August 1, 2023
(This is the first in a four-part series of blog posts about my birding activities while traveling by rail to the Pacific coast for just over two weeks in June. I previously described my visits to baseball stadiums on June 28, and after finishing the posts on birding will write a summary of my general (i.e., non-baseball, non-birding) tourist experiences.)
June 12, eastern Texas: While passing through east Texas on the Sunset Limited train leaving from New Orleans, I saw a Mississippi Kite. It was probably near the city of Beaumont, and there is a small chance it could have been on the Louisiana side of the state line. I didn't have time to do any birding during my brief stay in New Orleans; about sixteen months earlier I had done a fair amount of birding in and around that city. I arrived in Houston in the late afternoon/early evening, and walked about eight blocks from the Amtrak station to the bus stop downtown. Along the way I passed a nice park along a river which I later learned is actually called the Buffalo Bayou. There were dozens of swallows flying around, and I noticed many Great-tailed Grackles in downtown city parks. They are not shy around humans, I noticed. I had forgotten what a loud, hysterical racket they make, but after consulting my trip reports from Mexico City in 2003, I see that I had the same initial impression back then.
June 13, Houston: It was quite hot during the two-and-a-half days I spent in the nation's fourth-largest city. I saw more Great-tailed Grackles in various places during the day. While passing in front of Christ Church Cathedral on my way to a baseball game in downtown Houston on June 13, I noticed a White-winged Dove perched on a tree limb.
June 14, Anahuac National Wildlife Refuge: The first major bird outing during my cross-country rail journey was to Anahuac NWR, about 40 miles east of Houston. To get there I rented a car from Enterprise, and everything worked out fine. That location was recommended by my younger brother John, and as usual his birding advice was sound. As I approached the destination I saw a flock of at least 40 Cattle Egrets following a tractor that was mowing grass -- and kicking up insects! The temperature was in the upper 90s when I arrived about noon, and not surprisingly I did not see any other birders during my entire visit. I was disappointed that the visitor center was closed, but fortunately one of the staff people was there accompanying some young visitors, and she was glad to give me some tips. The actual refuge is located about ten miles south and east of the visitor center, and I started by walking along the Willows Trail. There I saw many Cliff Swallows, a Tricolored Heron, and an immature Little Blue Heron. I was a little disappointed, but almost as soon as I began driving on the road leading to the Boardwalk Trail just to the west, I hit the jackpot. Nearly all of the expected wading birds were present, such as Great Egrets and Snowy Egrets, as well as both White Ibises and White-faced Ibises -- the latter being a life bird! (Each life bird will be denoted herein by underlines.) Many Common Moorhens were there as well, but I only saw one Purple Gallinule. Both Black-bellied Whistling Ducks and Fulvous Whistling Ducks (life bird!) were seen in fair numbers. (That lady had told me I was sure to see plenty of them, but it wasn't until I was almost done with that loop that I saw them.) From the boardwalk I heard a Clapper Rail within 30 yards, but it refused to emerge from the reeds, so I can't definitively claim it as a life bird. One surprise was a Long-billed Dowitcher, considered rare in Anahuac according to the checklist. They are supposed to migrate to the northern tundras of Alaska and Canada. Toward the end of my visit to Anahuac I was startled to hear a PEENT call, and sure enough there was a Common Nighthawk swooping around. (It was only about 4:30 PM!) It perched briefly, providing me with a photo op, but its head was turned the other way, unfortunately. My original plan was to stop at other places within Anahuac and then head southwest to Galveston and loop back up to Houston, but I was running late and didn't want to miss my train to Los Angeles, so I headed straight back to Houston.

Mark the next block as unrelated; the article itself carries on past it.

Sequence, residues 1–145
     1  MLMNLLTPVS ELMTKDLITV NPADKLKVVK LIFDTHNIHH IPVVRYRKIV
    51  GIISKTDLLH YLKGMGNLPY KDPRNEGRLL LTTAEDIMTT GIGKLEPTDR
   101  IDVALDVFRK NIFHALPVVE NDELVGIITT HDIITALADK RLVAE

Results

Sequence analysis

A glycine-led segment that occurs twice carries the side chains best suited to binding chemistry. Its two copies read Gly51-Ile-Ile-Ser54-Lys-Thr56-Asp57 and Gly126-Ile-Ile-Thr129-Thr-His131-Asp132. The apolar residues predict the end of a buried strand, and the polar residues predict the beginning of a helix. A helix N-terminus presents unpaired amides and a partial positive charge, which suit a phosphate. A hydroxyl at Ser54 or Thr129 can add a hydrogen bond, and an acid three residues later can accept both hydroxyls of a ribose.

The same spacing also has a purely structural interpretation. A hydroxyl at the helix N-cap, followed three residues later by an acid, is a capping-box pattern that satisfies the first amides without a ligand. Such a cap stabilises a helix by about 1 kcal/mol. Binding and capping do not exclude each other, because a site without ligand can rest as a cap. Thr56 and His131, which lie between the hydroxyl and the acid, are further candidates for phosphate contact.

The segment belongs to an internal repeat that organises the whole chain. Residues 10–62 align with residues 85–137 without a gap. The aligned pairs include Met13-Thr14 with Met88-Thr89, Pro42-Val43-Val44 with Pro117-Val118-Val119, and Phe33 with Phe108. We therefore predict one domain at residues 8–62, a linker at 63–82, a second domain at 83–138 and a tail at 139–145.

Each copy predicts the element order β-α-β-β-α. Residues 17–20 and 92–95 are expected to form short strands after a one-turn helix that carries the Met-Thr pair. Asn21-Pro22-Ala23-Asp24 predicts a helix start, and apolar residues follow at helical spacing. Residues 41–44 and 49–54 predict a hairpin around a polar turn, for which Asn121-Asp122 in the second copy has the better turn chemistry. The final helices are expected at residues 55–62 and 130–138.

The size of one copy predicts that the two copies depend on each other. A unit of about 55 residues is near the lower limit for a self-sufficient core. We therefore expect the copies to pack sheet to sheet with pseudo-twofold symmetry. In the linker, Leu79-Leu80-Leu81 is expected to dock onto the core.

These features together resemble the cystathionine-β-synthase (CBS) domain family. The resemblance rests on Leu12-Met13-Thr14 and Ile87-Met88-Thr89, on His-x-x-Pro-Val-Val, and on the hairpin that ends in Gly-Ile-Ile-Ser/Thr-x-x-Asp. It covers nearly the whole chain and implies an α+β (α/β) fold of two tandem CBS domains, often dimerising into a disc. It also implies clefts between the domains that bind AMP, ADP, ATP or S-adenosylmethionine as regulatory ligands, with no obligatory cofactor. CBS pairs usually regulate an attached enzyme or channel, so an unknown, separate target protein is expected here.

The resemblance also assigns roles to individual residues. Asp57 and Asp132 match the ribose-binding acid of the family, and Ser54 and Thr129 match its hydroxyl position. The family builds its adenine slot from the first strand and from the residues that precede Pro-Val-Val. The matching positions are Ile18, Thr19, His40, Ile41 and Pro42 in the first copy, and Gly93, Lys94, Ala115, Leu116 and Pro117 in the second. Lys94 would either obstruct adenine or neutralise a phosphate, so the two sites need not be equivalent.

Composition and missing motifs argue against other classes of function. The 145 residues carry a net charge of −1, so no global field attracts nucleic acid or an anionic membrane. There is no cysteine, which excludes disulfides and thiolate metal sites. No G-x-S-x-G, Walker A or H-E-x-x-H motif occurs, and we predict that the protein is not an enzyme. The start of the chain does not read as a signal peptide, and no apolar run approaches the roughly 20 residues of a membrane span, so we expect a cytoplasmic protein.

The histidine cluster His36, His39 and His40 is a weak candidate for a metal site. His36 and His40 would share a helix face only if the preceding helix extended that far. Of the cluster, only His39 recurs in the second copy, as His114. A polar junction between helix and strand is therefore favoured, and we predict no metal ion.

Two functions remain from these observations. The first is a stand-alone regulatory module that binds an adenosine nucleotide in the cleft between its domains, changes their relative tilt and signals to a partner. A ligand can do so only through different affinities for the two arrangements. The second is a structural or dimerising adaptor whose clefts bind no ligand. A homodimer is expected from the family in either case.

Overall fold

June 15, western Texas: While on the train approaching the town of Alpine in western Texas the next day I saw my first-ever Barn Owl, perched on a fence. How bizarre! The maps in my field guides indicate that they are more common in southern and western states, so perhaps I shouldn't have been so surprised. In southeastern Arizona late in the afternoon I glimpsed a probable Swainson's Hawk, which has a unique pattern under the wings.
As usual, the above photo montages can be seen on the Wild Birds chronological photo gallery page, and additional photos, including some closeup images, will soon be posted there as well in the near future.
NEXT: Birding in Los Angeles, California!